Keeping Moving: Staying Mobile!
More people of all ages are using mobility scooters, walking frames, and walking sticks. Once ugly and institutional, today’s most popular aids are colourful, attractive, and have appealing features. Find the equipment that’s best for you with advice from Auckland’s Independent Living Centre.
We’ve all noticed an increase in the number of people using mobility scooters, and for good reason. A mobility scooter can greatly improve your lifestyle by allowing you to be independent, and to go out and do what you want, when you want, without being reliant on others. If you are still driving but only use your car for local journeys such as shopping, going to the library, attending a social or recreational group or visiting friends, a mobility scooter could be an ideal, cheaper alternative.
New mobility scooters cost from $1800 to $4000 for a small or lightweight scooter, $3500 to $4500 for a mid-size model, and $4500 to $6000 for a large scooter. Second-hand scooters may be a cheaper alternative, though repair and maintenance costs may be higher, depending on the age and condition of the scooter. Some suppliers offer leasing and hire purchase options. Inquire when shopping for your new scooter.
Mobility scooters run on two maintenance-free batteries. When charging, they use about the same amount of electricity as a 100watt light bulb. Apart from any repair and maintenance costs, the only other expenditure to keep your scooter running smoothly may be for replacement batteries. Batteries generally last for two to three years depending on scooter usage. New batteries currently cost in the region of $220 to $280.
Safety out and about
- Have a flag on your scooter to increase your visibility to other road users. You may also consider wearing a high visibility jacket or putting one over the back of the seat, so motorists and other road users can see you.
- It’s a good idea to carry a mobile phone in case of emergencies, and to have a membership with AA or another emergency breakdown service in case you need help when you are out and about.
- It is advisable for people to insure their mobility scooter or power chair. This can normally be done by listing the equipment on your household insurance policy. Contact your insurer for advice.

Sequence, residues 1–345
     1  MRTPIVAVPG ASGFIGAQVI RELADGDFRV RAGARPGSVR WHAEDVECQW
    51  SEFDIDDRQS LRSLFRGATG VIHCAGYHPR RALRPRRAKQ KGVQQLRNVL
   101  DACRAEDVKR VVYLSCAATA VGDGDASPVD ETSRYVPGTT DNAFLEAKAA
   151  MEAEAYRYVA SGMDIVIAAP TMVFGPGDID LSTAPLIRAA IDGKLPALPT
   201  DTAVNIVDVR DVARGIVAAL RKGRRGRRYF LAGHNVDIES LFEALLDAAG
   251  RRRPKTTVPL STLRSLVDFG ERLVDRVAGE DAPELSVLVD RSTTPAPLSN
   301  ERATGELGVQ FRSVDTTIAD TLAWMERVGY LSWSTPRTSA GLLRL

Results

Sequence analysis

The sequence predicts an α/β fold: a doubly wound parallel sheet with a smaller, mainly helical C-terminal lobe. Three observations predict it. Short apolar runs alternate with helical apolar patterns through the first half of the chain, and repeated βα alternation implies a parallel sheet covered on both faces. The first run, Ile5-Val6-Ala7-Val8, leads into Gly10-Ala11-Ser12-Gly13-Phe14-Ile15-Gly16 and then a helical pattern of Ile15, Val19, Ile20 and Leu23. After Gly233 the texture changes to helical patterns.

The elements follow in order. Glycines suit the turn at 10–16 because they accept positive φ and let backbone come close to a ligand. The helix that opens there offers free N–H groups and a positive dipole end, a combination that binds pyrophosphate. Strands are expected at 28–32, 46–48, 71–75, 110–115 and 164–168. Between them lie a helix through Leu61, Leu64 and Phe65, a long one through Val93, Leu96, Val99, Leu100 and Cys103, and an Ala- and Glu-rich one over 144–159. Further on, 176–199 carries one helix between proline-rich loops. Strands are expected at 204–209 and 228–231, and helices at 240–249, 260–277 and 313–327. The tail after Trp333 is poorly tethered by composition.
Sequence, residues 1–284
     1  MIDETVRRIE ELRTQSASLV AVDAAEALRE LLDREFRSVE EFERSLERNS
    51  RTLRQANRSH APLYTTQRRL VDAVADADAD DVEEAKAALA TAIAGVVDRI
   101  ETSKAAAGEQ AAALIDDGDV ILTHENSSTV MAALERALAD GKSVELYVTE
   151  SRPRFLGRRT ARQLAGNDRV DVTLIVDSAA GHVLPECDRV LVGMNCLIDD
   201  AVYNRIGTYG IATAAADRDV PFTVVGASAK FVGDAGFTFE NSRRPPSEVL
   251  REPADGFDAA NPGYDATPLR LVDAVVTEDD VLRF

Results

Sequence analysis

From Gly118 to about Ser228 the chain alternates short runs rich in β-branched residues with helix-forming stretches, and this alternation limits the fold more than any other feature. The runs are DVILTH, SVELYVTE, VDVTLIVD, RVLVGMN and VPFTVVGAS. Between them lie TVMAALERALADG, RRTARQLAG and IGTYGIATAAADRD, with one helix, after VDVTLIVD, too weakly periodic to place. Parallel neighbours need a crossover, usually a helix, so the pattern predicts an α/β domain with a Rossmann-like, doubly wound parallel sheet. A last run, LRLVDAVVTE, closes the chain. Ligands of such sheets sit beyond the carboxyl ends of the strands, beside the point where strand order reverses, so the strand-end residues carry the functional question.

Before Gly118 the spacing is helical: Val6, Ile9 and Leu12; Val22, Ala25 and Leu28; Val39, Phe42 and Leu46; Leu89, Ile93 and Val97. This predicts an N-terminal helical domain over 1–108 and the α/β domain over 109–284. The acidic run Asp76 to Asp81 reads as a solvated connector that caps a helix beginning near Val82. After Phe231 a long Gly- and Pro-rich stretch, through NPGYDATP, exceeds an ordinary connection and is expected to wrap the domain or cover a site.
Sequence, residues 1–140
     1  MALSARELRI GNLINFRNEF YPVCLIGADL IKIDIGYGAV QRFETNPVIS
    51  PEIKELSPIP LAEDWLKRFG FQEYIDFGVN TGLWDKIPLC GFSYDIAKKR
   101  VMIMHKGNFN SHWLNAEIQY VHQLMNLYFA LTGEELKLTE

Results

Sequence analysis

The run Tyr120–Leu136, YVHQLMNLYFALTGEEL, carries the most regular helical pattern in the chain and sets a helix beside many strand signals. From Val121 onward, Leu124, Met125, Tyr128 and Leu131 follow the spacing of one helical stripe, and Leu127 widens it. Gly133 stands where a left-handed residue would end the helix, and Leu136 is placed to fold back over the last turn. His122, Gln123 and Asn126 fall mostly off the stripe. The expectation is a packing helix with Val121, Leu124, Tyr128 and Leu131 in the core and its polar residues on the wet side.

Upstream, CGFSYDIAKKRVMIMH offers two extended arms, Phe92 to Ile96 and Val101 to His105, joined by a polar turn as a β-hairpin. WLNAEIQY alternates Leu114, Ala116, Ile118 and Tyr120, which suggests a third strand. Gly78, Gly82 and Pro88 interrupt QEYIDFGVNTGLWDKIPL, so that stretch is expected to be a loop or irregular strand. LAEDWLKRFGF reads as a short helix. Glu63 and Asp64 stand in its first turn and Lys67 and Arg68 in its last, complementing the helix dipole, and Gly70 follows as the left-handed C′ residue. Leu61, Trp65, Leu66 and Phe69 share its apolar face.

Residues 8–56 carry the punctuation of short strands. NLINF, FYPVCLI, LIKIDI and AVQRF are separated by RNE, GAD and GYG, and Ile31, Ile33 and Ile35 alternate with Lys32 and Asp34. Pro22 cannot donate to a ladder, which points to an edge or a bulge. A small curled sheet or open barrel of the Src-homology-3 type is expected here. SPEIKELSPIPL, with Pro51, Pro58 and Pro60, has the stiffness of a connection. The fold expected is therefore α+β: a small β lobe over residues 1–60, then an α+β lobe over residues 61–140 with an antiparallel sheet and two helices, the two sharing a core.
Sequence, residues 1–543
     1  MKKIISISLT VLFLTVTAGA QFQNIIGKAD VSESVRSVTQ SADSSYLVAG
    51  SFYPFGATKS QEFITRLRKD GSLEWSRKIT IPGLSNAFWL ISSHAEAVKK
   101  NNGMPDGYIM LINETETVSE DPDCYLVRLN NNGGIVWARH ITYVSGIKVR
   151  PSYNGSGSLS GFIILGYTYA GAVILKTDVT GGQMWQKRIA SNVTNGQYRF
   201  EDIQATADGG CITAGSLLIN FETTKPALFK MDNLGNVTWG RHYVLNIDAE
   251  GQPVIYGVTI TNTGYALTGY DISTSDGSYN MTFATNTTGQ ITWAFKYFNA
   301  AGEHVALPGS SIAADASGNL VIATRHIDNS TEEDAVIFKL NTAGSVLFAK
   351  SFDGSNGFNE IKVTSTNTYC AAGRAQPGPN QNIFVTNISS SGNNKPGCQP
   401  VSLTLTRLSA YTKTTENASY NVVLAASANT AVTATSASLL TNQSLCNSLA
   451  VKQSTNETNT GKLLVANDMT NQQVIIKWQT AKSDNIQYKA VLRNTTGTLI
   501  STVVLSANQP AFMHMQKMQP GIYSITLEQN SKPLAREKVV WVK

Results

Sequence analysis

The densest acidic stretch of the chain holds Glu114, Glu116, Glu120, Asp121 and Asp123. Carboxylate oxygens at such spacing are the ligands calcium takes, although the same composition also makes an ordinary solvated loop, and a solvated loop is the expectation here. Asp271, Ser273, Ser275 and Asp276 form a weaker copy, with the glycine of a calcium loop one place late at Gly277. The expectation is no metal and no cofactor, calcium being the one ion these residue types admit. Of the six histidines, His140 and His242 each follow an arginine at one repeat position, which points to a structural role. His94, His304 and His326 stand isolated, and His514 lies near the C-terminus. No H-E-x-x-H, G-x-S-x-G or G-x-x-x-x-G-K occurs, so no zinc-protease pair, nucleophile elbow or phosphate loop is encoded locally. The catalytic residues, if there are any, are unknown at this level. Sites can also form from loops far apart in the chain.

- Mobility scooters and power chairs should only be used on the pavement, not on the road. When crossing roads, use a pedestrian of the road you are to cross has a ‘curb cut’ so you don’t have to drive along the road to get back up onto the pavement.
- Before going on long journeys always make sure that your scooter or power chair is fully charged.
- When going over obstacles like speed bumps, always go straight over (not at an angle); keep the speed down so you have more control.
Power or Electric Wheelchairs
Power chairs are ideal for indoor use or for short outdoor journeys where the terrain is not too rough. Electric wheelchairs are designed for indoor use or outside on good terrain. Being rear wheel drive, they can be easier to handle for people with poor or slow coordination, as they are not as sensitive to subtle joystick movements as power chairs. Electric chairs cost from $3500 to about $5000. Power chairs are mid-wheel driven and are easy to manoeuvre, a major consideration in indoor environments or when using in public spaces and on public transport. They tend to be quite sensitive to movement of the joystick, so require a degree of user steadiness and coordination. There are three basic types of power chair: indoor use only (prices around $2800 to $3000); indoor use but can be used outdoors (prices $4500 to $6000); or outdoor use but can be used indoors (prices $6000 to $15,000).
If you are able to walk but need support, somewhere to sit down to have a rest at times, and something that is easy to transport in a vehicle, a walker is the ideal option. Four-wheel walkers are very popular and are equipped with brakes, a seat, a back rest, and a handy carry bag or basket. They normally come with either 6 inch or 8 inch wheels and range in price from $150 to $460, depending on brand and features. The models with 6 inch wheels are ideal for indoor use or on smooth surfaces like the corridors in shopping malls. However, you may feel some ‘judder’ when using these walkers on rougher surfaces such as pavements. Walkers with 8 inch wheels are a good choice for outdoor use, as the larger wheels enable smoother travel. Four-wheel walkers are the best choice for people who have balance problems, with three wheels. The seats on these walkers also allow you to sit down and rest if needed (we all when you need one)! Walkers are designed to provide support when walking and to act as a seat (brakes should be locked while seated). On no account should a person be pushed along whilst sitting on a walker; if the walker should hit an obstacle such as a hole or stone, the walker and the person sitting on it could go over backwards. Three-wheel walkers have brakes and a bag but no seat, and range in price from $195 to $330. They are good for providing support when walking, so long as the person does not have balance issues or require a seat to take a rest. They are also good for shopping and fold to fit in a vehicle or for travel.